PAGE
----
Checking in on the Dissolution of Genre in Japanese Music With Mom and nate


The 2010s — a great time for those hoping for the concept of genre to erode! While it would be a little over the top to pretend fences between different styles have vanished completely, they’ve definitely started to weaken more over the course of this decade. Vice shared a great essay today exploring the collapse of genre, and as end-of-decade-list season grows closer many of the points made here can carry over to Japanese music during this period. I’m not breaking any news when I point to artists such as WEDNESDAY CAMPANELLA or Haru Nemuri breaking down these barriers with what they do, and now even younger artists are popping up to show that this is only going to carry on moving into the 2020s.

One of the more intriguing genre-benders going right now is an artist named Mom. They put out two of 2018’s better examples of hop-scotching all over the musical spectrum, bouncing over hip-hop, folk, rock and more, sometimes within the space of a single song. This year’s Detox only builds it up further. This week, Mom shared new single “Mask,” which you can hear below.

Mom packs a lot into “Mask,” starting off with delicate electronic notes to rap over before letting a barrage of samples trickle in. Everything smudges as the song moves along, before a guitar interlude softens the vibe before one final pivot back towards a slightly stranger rap segment to end the number. Mom uses all of this genre twisting as a way to build tension rather than just an easy way to stand out. It’s one of the artist’s best attributes, and on display fully here.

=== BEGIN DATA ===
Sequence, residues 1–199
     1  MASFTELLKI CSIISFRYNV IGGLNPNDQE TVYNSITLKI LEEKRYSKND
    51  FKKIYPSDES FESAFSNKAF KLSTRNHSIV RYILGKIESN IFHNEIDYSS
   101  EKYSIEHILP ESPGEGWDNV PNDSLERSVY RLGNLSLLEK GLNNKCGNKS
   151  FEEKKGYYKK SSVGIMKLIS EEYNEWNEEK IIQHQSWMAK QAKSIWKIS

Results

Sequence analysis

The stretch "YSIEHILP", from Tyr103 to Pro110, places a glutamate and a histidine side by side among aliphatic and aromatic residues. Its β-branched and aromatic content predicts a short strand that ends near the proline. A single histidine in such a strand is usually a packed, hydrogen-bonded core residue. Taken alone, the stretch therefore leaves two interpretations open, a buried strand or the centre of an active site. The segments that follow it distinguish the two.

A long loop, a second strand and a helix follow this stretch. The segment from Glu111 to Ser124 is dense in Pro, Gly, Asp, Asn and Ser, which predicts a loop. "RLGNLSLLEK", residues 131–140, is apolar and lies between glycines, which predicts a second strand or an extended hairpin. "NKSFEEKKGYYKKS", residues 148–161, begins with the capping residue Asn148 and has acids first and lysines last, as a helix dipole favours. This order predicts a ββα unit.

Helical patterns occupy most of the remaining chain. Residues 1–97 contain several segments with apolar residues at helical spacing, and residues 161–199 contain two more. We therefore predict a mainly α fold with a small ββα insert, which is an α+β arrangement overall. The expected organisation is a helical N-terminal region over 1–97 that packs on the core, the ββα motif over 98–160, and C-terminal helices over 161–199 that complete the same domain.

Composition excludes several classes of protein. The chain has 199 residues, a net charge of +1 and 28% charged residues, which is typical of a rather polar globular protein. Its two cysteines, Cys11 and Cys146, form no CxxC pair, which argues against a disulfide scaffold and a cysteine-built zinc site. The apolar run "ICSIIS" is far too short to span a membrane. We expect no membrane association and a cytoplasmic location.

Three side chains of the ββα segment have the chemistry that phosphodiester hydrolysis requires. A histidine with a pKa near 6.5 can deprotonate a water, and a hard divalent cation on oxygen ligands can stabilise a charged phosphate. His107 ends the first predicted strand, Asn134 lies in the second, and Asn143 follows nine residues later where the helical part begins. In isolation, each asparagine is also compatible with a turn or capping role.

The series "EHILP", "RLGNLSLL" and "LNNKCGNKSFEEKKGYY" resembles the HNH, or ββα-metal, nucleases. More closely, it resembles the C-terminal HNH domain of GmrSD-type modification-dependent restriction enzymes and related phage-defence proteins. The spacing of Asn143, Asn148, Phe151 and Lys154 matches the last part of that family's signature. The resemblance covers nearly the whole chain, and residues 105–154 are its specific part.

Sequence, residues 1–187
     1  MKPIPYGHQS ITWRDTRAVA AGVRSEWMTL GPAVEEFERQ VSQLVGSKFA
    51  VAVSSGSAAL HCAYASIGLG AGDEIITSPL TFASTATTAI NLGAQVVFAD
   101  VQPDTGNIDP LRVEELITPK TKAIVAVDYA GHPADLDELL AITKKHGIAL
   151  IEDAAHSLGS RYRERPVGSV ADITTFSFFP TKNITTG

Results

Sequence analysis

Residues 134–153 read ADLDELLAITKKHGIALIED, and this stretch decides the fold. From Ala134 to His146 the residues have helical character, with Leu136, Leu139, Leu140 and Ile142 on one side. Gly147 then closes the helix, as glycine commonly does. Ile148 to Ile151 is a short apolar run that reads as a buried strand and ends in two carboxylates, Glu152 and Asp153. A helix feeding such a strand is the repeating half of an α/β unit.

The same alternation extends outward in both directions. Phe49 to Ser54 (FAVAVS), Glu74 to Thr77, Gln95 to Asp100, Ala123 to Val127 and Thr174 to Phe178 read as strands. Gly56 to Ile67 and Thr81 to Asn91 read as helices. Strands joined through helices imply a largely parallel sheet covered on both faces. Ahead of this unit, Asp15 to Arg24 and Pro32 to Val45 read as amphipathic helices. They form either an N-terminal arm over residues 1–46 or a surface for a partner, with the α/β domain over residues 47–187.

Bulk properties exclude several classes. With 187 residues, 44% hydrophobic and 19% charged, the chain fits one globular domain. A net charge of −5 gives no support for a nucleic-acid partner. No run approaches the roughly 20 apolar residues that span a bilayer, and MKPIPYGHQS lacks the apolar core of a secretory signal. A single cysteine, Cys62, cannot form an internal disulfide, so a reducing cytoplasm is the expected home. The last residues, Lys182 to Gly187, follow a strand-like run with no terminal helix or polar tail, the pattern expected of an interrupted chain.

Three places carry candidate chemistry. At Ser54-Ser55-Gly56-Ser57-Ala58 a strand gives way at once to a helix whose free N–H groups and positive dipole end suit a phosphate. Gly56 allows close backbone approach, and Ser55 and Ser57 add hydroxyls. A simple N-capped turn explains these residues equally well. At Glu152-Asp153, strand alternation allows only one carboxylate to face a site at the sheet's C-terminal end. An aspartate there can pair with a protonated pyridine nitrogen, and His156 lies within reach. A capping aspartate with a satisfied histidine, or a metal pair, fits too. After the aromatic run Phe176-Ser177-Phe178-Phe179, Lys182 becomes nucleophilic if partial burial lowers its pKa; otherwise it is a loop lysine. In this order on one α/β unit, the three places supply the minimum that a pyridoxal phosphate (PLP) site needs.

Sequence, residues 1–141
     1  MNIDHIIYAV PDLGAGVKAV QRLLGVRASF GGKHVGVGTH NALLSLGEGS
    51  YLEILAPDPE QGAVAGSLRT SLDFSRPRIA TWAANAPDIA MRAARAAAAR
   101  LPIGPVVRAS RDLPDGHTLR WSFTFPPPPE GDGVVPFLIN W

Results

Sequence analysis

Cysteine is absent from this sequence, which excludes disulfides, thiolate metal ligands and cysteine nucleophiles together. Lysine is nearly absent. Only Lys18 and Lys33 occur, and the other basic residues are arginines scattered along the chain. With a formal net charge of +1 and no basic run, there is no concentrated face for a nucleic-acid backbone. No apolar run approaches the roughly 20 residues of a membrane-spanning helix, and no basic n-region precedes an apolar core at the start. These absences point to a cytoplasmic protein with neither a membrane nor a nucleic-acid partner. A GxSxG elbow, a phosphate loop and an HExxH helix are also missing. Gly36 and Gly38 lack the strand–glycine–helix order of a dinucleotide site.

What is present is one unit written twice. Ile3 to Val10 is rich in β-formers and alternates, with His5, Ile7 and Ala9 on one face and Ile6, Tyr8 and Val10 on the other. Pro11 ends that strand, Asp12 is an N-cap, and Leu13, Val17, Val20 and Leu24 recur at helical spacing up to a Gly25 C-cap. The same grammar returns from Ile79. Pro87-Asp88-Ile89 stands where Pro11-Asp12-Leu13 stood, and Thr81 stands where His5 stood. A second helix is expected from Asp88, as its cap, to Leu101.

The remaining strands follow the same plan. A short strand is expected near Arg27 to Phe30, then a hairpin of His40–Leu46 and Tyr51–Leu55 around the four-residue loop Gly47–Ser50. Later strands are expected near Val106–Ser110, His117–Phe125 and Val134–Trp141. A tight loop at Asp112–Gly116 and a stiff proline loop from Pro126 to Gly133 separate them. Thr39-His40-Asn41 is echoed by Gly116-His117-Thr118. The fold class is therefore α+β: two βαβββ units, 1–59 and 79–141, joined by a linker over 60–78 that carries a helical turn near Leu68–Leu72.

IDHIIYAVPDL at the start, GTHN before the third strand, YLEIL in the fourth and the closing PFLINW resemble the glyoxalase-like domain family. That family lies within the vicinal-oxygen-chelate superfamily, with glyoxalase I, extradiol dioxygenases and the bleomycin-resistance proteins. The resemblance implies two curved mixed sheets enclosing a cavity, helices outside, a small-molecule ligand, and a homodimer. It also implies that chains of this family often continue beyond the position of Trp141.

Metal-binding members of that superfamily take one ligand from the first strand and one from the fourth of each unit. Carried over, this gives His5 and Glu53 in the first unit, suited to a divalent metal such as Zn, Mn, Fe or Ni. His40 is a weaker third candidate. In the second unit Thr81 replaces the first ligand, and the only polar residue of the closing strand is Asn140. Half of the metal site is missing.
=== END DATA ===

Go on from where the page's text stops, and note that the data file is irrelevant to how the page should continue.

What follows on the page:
Rapper nate feels slightly more straightforward than someone like Mom, as they come from the “SoundCloud rap” side of things. Then again, that whole community stands out in how they don’t limit themselves to how they sound, and nate’s second EP dawn light draws from all kinds of genres to build something compelling. Listen below.

The songs here find nate switching between a traditional rap flow and more of a sing-song delivery, not far off from what Mom and many others have started doing. The beats similarly provide plenty of variety, with the piano-guided fragility of “sunrise” drawing a different emotion out of nate than the twinkly bounce of “overwrite.” The best comes on finale “bitbybit,” the one total rave up here, finding nate and guest Kei Jolno embrace a feel-good atmosphere and creating something straight-up energetic. Whatever blend on genre they take, getting energy across remains vital to this new generation of creators.

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